Tony Rasmussen understood why the Department of Education sanctioned the company. What bothered him was the lack of options the department provided students.

“They gave us two choices, either seek loan forgiveness and start over, or transfer your credits,” Rasmussen said. “But being as most credits don’t transfer anyways they essentially gave us one option.”

Plenty of debt,

but not many options

Jessi Rasmussen and her husband, Tony, were both ITT Tech students. Tony also worked at the school.

“I woke up at quarter to six in the morning and she is just bawling her eyes out,” Tony said of the morning the school closed. “She wasted two years because a lot of her credits won’t transfer to any other school.”

Tony earned his AA from ITT Tech last year, which cost him $52,000. He’d just completed his first quarter of a bachelor’s degree when the school closed.

Jessi owes $27,000 in debt from her AA degree, which she earned at Everest College, another for-profit school investigated and subsequently closed by the Department of Education. She hasn’t looked at her bachelor’s loan total from ITT Tech, but it’s in the $50,000 range. The couple have two teenage daughters. ITT Tech’s tuition cost on average between $45,000 and $85,000, according to the school’s 2014/15 fee schedule. Tuition at Spokane Community College is roughly $8,000 for two years. Spokane Falls Community College is slightly more expensive.

“They were looking forward to Mom and Dad being done with school,” she said, but not like this.

They’ve looked into canceling their debt, but committing to never work in their respective fields is too much for them. Tony hopes to transfer many of his credits in Information Systems and Cybersecurity to Spokane Falls Community College, which offers a comparable bachelor’s program. As for Jessi’s near-degree in project management, almost no schools offer equivalent programs.

Colleges respond

Since ITT Tech closed, both Spokane Community College and Spokane Falls Community College have assigned staff members to help former ITT Tech students enroll.

“We want to keep our integrity but we want to help these students as well,” said Sally Tedrow, the SCC staff person coordinating outreach.

She said the schools are evaluating each individual on a case-by-case basis. Between SCC and SFCC there are between 20 and 25 students trying to transfer, according to CCS spokeswoman Annie Gannon. She added that the colleges expect students to start in the winter quarter.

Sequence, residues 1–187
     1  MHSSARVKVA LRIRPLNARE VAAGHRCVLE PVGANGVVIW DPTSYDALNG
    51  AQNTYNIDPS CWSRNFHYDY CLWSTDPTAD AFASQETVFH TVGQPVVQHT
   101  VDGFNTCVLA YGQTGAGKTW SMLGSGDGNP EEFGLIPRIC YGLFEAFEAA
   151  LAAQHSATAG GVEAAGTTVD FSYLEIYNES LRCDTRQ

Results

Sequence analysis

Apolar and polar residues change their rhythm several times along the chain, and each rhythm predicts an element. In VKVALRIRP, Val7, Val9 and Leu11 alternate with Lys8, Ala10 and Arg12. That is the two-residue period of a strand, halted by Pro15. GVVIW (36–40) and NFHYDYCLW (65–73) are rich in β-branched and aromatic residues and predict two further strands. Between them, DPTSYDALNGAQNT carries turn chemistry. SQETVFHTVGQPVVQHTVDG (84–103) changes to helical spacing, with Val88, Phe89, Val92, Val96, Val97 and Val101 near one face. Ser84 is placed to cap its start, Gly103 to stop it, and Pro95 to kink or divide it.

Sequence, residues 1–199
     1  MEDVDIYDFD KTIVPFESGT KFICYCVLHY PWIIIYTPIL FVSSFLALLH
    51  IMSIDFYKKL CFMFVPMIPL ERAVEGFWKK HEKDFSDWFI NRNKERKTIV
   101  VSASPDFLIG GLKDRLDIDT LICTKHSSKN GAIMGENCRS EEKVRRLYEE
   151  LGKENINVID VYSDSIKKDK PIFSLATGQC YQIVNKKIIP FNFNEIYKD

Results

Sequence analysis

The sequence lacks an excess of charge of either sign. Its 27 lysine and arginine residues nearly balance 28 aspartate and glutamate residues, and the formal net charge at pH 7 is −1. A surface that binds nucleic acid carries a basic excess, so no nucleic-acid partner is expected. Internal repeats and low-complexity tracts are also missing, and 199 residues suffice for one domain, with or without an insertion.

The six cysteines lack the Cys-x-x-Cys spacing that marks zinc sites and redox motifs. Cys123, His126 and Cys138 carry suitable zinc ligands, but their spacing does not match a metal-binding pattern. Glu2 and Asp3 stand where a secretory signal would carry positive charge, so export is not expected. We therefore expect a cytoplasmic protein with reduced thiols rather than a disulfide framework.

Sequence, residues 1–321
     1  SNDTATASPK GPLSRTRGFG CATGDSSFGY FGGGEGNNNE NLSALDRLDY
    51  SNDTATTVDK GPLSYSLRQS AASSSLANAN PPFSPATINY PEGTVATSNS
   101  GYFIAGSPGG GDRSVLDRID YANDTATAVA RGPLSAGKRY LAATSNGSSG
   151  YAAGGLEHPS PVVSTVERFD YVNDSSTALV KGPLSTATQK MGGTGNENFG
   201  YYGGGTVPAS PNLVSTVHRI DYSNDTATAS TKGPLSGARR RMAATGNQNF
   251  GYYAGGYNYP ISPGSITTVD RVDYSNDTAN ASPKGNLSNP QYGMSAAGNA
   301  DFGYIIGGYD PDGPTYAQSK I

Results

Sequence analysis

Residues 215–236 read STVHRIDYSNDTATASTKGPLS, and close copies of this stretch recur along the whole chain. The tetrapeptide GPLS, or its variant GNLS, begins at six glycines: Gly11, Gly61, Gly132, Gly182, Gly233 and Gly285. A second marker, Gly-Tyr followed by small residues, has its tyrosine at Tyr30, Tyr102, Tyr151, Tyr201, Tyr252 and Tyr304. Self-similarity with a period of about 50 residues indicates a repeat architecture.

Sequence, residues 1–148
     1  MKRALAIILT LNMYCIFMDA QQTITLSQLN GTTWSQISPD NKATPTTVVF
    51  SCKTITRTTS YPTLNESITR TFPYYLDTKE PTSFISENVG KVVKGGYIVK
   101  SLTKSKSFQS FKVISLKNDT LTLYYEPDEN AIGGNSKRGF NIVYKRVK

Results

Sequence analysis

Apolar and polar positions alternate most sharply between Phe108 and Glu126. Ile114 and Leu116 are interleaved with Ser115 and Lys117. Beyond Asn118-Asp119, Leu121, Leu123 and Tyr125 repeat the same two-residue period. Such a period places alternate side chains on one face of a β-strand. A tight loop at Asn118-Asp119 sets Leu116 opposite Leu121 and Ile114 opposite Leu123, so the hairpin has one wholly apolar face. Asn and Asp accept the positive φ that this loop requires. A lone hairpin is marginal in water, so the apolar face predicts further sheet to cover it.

Western Governors University Washington, an online career focused university, has also offered assistance to former ITT Tech students, waiving a number of application fees and establishing a scholarship. One benefit of the WGU Washington model, said chancellor Jean Floten, is that they focus on competency. Students can test into nearly every course.

“Our model takes care of what are pretty thorny transfer issues for students,” she said. “Honestly, we don’t care where you learned it as long as you demonstrated to us that you know.”

Although Murray and the other students appreciate the help, they still find the process confusing and destabilizing.

“This is not going to be an easy thing for us to just pick up from here and move on,” Murray said.

Hope for relief

On Thursday, Sen. Patty Murray sent an open letter to the Department of Education encouraging them to expand the debt relief available to former ITT Tech students.

“These students will never get back the time and energy they have devoted to a college that left them locked outside the door, and deserve every penny back that they put into their education,” she said in a news release.

For the moment, though, these four former ITT Tech students are left wondering what’s next. Lori Morsman was a general education instructor at ITT Tech for eight years. She learned from her next-door neighbor that the school was closing. It’s been tough, she said, but ultimately she thinks it’s hardest on the students.

“You know it’s hard to lose your job,” Morsman said. “It’s really hard. But nobody really thinks that their college is going to close down.”

The original story incorrectly labeled Western Governors University Washington. The mistake has been corrected.